A team of scientists at the University of California, Davis (UC Davis), has designed the world’s first microchip containing 1,000 independent programmable processors. Termed as ‘Kilo-core’, the chip is the fastest ever designed by any university and is capable of processing up to 1.78 trillion instructions every second.
The researchers also claim that the ‘Kilo-core’ chip contains 621 million transistors. Bevan Baas, professor at the University of California, Davis, stated, “To the best of our knowledge, it is the world’s first 1000-processor chip and has the highest clock-rate processor”. Bevan Baas also led the team of researchers that designed the architecture of the chip.
Researchers also informed about other multiple-processor chips that have been created so far but none of the processors exceed the number of 300 processors. Also, these processors were created solely for the purpose of research and experiment, and only a handful are sold commercially.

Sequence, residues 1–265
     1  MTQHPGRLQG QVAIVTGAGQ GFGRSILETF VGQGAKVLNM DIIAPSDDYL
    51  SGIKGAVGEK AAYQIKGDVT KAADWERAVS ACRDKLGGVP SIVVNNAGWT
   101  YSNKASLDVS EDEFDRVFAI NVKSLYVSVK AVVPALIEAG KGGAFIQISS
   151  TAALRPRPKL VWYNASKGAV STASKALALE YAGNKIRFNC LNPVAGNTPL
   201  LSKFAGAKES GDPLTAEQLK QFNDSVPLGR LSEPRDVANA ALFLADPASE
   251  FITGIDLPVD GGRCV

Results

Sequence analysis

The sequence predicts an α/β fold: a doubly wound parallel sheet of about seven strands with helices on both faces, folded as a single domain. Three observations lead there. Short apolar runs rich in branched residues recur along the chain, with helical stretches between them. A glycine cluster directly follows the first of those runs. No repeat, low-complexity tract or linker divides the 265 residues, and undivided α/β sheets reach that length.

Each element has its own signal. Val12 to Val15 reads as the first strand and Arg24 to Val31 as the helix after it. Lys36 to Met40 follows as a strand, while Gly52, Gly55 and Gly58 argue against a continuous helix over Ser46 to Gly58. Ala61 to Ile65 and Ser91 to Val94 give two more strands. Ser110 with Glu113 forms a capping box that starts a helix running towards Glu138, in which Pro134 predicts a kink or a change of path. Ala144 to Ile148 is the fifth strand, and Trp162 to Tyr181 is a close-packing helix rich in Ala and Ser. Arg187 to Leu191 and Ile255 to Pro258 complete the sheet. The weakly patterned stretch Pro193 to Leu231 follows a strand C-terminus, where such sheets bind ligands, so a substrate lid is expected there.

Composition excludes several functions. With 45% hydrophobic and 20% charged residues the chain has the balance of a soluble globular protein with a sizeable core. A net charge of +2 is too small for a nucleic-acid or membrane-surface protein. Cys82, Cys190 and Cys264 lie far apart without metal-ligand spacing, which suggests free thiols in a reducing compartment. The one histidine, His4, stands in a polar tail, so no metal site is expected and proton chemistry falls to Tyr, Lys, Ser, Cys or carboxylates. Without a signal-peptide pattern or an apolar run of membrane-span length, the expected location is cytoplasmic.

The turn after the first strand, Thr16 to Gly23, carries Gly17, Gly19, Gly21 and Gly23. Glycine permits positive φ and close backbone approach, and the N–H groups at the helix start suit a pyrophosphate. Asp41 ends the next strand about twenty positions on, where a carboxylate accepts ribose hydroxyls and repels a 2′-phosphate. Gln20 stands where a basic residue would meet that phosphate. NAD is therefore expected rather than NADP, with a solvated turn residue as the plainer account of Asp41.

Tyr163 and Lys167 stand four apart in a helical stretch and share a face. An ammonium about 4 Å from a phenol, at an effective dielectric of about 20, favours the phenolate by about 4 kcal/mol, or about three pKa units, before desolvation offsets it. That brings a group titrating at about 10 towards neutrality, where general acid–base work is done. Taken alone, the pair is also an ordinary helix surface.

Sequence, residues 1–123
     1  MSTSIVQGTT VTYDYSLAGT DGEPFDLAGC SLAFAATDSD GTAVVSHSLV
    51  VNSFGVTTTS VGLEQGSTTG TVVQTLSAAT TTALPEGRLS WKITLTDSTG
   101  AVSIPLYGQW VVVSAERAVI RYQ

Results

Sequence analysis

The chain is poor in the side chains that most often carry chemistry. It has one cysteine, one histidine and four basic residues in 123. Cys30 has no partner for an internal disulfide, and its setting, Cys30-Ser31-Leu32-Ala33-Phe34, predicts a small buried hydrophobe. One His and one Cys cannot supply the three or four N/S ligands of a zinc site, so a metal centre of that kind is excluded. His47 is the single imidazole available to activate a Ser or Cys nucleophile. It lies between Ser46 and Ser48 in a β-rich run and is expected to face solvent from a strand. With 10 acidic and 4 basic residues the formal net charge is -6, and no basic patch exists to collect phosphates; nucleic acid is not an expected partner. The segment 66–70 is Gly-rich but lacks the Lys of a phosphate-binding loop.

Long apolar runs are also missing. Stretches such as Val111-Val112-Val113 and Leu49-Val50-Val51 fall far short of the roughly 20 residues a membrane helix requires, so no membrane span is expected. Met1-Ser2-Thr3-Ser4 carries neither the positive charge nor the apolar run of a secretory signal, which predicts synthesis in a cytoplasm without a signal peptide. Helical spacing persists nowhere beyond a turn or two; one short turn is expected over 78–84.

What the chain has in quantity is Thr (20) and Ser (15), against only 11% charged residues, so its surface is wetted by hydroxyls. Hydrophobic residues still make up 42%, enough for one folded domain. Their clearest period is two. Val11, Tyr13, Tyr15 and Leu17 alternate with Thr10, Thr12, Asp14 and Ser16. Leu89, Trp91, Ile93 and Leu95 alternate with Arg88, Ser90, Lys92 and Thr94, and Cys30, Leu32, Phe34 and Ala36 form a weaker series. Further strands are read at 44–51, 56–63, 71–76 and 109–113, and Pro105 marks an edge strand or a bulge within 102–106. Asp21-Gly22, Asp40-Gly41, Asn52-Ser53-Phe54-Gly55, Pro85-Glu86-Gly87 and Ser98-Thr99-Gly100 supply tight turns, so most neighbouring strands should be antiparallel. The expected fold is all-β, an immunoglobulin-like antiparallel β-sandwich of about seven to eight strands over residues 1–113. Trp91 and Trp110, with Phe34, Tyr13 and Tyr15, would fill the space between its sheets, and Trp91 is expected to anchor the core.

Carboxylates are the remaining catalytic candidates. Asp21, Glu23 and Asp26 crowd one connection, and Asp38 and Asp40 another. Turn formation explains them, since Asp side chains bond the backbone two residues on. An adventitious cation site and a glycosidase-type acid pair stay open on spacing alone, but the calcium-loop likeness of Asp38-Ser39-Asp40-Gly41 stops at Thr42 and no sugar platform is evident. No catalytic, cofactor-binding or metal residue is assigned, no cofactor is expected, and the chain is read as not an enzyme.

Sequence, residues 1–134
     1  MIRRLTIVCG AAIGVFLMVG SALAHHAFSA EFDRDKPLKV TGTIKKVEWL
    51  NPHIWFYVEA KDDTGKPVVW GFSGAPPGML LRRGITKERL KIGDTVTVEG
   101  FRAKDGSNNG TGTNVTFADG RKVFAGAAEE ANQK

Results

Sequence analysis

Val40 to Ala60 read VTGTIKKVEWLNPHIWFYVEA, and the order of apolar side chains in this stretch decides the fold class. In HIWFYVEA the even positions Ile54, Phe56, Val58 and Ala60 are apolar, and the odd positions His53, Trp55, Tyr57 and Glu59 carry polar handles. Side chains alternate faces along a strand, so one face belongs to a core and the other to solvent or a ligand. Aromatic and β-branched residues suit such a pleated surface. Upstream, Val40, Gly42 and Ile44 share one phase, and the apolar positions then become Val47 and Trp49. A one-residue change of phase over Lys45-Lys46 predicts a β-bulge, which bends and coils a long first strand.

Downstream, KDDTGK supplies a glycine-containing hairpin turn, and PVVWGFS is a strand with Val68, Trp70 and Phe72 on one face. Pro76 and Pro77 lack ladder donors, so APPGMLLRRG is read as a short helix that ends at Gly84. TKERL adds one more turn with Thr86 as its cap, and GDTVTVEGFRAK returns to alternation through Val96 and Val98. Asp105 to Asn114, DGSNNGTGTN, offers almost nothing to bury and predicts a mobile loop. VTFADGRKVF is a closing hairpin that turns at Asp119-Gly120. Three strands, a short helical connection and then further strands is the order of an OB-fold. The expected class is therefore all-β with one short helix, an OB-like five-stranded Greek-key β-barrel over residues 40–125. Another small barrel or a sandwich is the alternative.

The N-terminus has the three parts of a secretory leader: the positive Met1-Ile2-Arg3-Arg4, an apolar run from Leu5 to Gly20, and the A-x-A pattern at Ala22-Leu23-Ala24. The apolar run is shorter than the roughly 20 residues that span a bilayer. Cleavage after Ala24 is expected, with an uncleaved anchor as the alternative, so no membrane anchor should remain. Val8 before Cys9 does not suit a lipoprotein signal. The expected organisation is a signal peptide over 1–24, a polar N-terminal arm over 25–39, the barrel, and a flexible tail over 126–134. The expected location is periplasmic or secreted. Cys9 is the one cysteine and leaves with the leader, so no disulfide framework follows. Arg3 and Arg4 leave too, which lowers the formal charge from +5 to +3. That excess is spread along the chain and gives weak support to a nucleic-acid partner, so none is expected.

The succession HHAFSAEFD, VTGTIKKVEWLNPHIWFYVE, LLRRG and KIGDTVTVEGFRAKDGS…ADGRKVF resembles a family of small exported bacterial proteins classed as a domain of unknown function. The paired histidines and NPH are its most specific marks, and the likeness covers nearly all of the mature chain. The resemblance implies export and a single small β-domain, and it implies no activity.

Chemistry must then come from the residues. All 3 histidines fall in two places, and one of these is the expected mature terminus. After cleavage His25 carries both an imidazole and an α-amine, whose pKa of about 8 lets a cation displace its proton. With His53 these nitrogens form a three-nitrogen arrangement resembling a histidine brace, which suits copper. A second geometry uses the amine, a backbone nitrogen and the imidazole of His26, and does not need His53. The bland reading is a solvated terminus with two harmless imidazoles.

The 1000-core processor is unequivocally lightning fast and it is able to achieve this speed because its cores can independently run programs. This way, every application is broken down into tiny bits and these bits are run parallel on different processors. This enables higher output while consuming lower levels of energy.
Brent Bohnenstiehl, a graduate student at UC Davis stated the reason as to how the processor is energy efficient. “Since each processor is independently clocked, it can shut itself down when not in need, which helps in saving energy”. Bohnenstiehl is responsible for developing the principle architecture of the ‘Kilo-core’ chip.
Meanwhile, Bass tried to explain the functioning offering some details and stated, “Cores operate at an average maximum clock frequency of 1.78GHz and they transfer memory directly to each other rather than using a pooled memory that can become a bottleneck for data”.
As the most energy-efficient processor, the processor will consume a minuscule 0.7 watts while the 1000 processors execute 115 billion instructions with every passing second.